Earlier this month, Akasa placed orders for 72 Boeing 737 Maxs with the aim of restarting operations from next year. The deal is valued at nearly $ 9 billion at list price. Akasa, which is led by former Jet Airways CEO Vinay Dube and also has former Indigo Chairman Aditya Ghosh on board, is targeting the Ultra Low Cost Carrier (ULCC) space.
“Akasa negotiated during COVID. Their cost of acquiring aircraft, their cost of acquiring maintenance contracts, their cost of acquiring people and other services will be significantly lower. That they can maintain it as their size increases will be key, ”said Kapil Kaul, CEO of CAPA India.
In addition, if they are considering a ULCC strategy, then their revenues will be critical as the tariffs will be lower and the focus will have to be on ancillary revenues, he added.
Elsewhere, Jet Airways is also expected to take off in a brand new avatar from the January-March quarter. The Kalrock Jalan consortium obtained National Company Law Tribunal (NCLT) approval to acquire Jet Airways in June 2021 and the new owners plan to have more than 50 planes in three years and more than 100 in five years.
The new airlines will be good for passengers. People will have more choice, due to competition, and on the routes these airlines will serve, fares are also likely to drop. The other winner will be the industry itself, as the new airlines will create thousands of new jobs.
Both airlines have huge ambitions and capital. However, gaining a foothold in a market, of which only Indigo controls half, will not be easy.
Between January and October, Indigo alone carried 3.41 crore in passengers and held a market share of 54.9%. It was followed by Air India with a 12.6 percent market share and SpiceJet 10.6 percent. Among the other key airlines, GoAir had an 8.1 percent market share, Vistara a 7.2 percent share and Air Asia India 5.8 percent.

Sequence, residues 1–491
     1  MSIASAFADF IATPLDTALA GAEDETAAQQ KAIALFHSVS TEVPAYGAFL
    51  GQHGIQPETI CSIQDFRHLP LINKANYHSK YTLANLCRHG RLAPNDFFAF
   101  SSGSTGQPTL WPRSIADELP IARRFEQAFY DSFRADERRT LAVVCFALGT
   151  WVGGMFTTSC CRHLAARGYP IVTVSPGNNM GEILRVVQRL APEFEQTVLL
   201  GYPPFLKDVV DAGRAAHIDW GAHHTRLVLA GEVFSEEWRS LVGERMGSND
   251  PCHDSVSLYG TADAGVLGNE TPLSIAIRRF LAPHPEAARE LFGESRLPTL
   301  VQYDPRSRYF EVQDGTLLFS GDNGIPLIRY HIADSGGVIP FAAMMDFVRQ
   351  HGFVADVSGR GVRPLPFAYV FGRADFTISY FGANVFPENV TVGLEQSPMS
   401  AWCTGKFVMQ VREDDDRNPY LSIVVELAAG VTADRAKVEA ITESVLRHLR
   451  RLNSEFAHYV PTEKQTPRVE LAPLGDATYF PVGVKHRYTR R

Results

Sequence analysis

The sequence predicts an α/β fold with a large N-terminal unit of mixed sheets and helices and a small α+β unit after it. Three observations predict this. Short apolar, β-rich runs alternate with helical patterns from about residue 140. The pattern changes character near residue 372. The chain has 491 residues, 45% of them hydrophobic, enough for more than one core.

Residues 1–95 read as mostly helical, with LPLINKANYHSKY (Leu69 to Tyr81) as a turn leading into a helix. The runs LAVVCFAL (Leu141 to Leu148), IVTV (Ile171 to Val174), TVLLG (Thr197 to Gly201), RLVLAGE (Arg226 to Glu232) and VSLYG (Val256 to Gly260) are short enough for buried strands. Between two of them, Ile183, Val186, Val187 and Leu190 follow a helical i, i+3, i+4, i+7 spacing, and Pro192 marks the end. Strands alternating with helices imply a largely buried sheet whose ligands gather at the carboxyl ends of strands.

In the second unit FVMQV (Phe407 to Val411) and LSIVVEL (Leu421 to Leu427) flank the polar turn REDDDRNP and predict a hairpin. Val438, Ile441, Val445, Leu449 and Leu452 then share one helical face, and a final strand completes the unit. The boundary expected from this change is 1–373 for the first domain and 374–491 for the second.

Indigo already has around 275 aircraft and operates more than 1,400 daily flights. SpiceJet, the second largest player, is expected to resume aircraft additions and plans to introduce 50 Boeing 737 Maxs by 2022-2023.
With the acquisition of Air India by Tatas, the group will also strengthen its position in the market. Vistara and Air India will together have around 19% market share, based on figures for the January-October period. The new owners are expected to look to increase Air India’s interior capacity.
“The new Air India led by Tata Sons is likely to have a decisive impact, perhaps in the 2024-25 fiscal year,” Kaul said.
Analysts believe that Akasa and Jet Airways 2.0 should accelerate and grow rapidly if they are to gain relevance in the market.
“At least initially, it will be a David versus Goliath battle, especially when you have a market leader who owns over 270 planes. Therefore, the speed with which the rise of new airlines will be essential, ”said Longani.
With the new airlines, competition is expected to intensify in the Indian market. CAPA India says that since there are many airlines with a small market share, there will be risks of consolidation in a post-COVID world.
“We have a fragmented market. After Indigo, there are so many players with 8 to 10% market share. It is untenable in a new structure. In the domestic market, Indigo has more aircraft than any other combined. So you would need a solid number two with 25-30% stake to restore some balance, ”Kaul said.
Overall, while there is still some uncertainty about how things will play out in the January-March quarter, which is typically a lean season, 2022 is expected to be a much better year for the industry, according to analysts.
“Provided India doesn’t have another wave of COVID, next year should be a great year for passengers as they will have a plethora of airlines to choose from and hopefully cheaper fares. . It will be a great year for those who may have lost their jobs or aspire to join the aviation industry, as there will be a lot of job creation due to the entry of new players, ”said Longani.
The airline industry went through severe turbulence in 2020-2021. He hopes the skies will be clear in the coming year.